House GOP opposes Justice Department petition seeking Supreme Court review of Golinski v. OPM, challenging Section 3 of DOMA
September 10, 2012
By Scottie Thomaston
On July 31, the Bipartisan Legal Advisory Group (BLAG), tasked with defending Section 3 of the Defense of Marriage Act on behalf of House Republicans, was granted an extension to file responses to all the petitions for certiorari to the Supreme Court, until August 31. The responses have been coming in. First, BLAG opposed Massachusetts’ conditional cross-petition in its challenge to Section 3 of DOMA. Then, it opposed Windsor’s petition for Supreme Court review.
BLAG has now filed a brief in opposition to the Justice Department’s petition for certiorari before judgment in Golinski v. Office of Personnel Management. Most of the brief relies on the same arguments in their Windsor opposition brief: (1) the Gill case presents the exact same question and it has reached the Court after judgment by the appeals court (in that case the First Circuit Court of Appeals), while Golinski awaits review by the Ninth Circuit Court of Appeals; (2) granting review in this case would not speed up the final decision (for this, they write, “the Department cannot credibly assert an extraordinary need for expedition, when the Executive Branch’s own actions throughout the DOMA litigation have been thoroughly inconsistent with that position[,]” arguing that the Justice Department could have filed a petition for a writ of certiorari before judgment in 2010 if they wanted to speed up the process.)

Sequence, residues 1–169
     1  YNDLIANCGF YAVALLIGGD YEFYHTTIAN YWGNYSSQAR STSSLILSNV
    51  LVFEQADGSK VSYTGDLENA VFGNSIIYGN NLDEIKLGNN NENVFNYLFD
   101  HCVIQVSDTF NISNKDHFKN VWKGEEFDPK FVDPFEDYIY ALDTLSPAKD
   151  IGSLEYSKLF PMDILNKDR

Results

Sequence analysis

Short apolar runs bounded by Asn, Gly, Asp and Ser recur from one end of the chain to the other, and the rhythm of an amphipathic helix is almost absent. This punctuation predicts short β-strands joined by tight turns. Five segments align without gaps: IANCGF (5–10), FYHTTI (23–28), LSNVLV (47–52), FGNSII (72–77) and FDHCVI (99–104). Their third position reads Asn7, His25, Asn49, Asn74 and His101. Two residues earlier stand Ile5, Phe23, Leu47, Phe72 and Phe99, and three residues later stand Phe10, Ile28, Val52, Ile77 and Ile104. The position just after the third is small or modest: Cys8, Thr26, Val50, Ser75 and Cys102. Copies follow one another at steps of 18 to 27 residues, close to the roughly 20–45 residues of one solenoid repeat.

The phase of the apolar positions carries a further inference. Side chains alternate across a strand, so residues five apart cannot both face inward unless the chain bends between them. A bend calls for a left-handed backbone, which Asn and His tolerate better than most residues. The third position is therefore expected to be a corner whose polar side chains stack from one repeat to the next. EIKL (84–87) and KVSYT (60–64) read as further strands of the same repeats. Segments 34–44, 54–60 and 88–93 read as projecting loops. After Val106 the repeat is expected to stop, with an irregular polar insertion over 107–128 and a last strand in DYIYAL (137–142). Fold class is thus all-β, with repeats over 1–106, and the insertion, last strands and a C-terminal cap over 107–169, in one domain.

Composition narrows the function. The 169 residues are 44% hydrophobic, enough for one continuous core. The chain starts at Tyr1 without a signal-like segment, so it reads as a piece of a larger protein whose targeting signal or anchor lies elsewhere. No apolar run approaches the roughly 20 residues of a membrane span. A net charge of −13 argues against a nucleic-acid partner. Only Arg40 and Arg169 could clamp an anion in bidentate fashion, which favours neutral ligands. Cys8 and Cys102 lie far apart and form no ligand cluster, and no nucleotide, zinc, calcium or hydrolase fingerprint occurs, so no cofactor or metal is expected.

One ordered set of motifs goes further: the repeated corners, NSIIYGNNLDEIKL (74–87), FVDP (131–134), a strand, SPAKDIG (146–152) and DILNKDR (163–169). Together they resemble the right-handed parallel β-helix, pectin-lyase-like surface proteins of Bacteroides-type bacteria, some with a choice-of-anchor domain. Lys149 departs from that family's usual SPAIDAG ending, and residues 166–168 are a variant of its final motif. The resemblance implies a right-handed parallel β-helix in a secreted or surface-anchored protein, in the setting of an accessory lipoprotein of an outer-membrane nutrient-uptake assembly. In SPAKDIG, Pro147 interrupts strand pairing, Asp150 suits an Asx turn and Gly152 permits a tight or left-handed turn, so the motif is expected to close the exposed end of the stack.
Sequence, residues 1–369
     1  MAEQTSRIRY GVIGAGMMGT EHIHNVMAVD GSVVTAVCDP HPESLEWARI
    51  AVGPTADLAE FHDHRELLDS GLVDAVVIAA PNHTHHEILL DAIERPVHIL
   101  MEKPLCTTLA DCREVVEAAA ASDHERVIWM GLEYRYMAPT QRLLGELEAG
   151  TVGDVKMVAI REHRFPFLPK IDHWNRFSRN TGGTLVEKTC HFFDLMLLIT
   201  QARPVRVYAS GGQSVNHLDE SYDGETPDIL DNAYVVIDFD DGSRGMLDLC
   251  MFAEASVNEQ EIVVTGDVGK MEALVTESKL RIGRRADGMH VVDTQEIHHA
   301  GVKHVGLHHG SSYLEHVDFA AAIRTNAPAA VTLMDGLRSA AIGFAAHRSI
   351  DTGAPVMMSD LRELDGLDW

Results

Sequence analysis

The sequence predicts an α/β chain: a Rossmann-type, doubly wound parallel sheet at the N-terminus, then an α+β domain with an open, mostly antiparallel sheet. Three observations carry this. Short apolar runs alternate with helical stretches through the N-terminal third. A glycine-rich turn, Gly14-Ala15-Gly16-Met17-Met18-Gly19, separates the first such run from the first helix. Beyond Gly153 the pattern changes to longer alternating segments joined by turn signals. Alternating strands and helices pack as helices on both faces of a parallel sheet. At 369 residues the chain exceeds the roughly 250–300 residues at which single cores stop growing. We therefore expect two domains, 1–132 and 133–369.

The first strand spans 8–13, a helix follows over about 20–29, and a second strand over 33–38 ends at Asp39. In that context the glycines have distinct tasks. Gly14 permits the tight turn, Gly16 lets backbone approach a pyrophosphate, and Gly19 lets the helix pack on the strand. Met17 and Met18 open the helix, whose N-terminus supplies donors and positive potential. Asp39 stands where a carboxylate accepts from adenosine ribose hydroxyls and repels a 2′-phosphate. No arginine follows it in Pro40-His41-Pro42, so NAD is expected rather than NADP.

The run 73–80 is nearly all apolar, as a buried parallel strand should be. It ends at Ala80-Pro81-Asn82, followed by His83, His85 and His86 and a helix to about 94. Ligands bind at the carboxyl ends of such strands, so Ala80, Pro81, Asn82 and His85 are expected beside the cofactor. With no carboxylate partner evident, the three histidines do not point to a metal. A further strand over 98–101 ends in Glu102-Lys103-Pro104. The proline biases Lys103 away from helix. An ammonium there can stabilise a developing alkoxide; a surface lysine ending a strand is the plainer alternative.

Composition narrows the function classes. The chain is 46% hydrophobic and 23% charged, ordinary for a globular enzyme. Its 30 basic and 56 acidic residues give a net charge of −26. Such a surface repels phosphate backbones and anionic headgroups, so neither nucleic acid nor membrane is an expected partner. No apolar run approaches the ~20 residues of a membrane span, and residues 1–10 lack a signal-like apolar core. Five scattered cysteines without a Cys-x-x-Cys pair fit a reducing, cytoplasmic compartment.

Additionally, though, the brief suggests that Golinski presents “vehicle problems” that would suggest it isn’t a good test case for reviewing the constitutionality of Section 3 of DOMA. One of those vehicle problems, they write, is the fact that the case could have an abnormal briefing schedule, “because the Department prevailed both in the First Circuit and the district court here, it would make no sense to give the Department the benefit of an opening and reply brief in either case, and it would make even less sense to have disparate briefing schedules such that those defending DOMA would file first in Gill while the Department files first here.” Moreover, as they discussed in their opposition brief in Massachusetts, they are asserting that Article III ‘standing’ issues would come up in the Justice Department’s petition.
And lastly, they claim that the Justice Department operates as a de facto amicus, a “friend of the Court”, instead of an actual party to the case. BLAG refers to itself as “the only party defending DOMA” and suggests that the Justice Department has no legal right to “special consideration.” (The Justice Department’s view is that, as part of the Executive Branch, which is tasked with enforcing laws, it lost the ability to do that when judgment was entered against enforcement of Section 3, so it has a right to be a party.) They write that, “If this Court grants the Department’s Petition here, it will presumably need to consolidate the cases and realign the parties to achieve the same basic effect [to align the parties properly before the Court so that all the parties attacking DOMA are respondents who want the judgment below affirmed]. There is no need forsuch machinations. The correct answer here is also the most straightforward: The proper petitioner is the party aggrieved by the one court of appeals decision to reach final judgment.”
So, they suggest, the Court should grant the petition in Gill and deny this one.
h/t Kathleen for this filing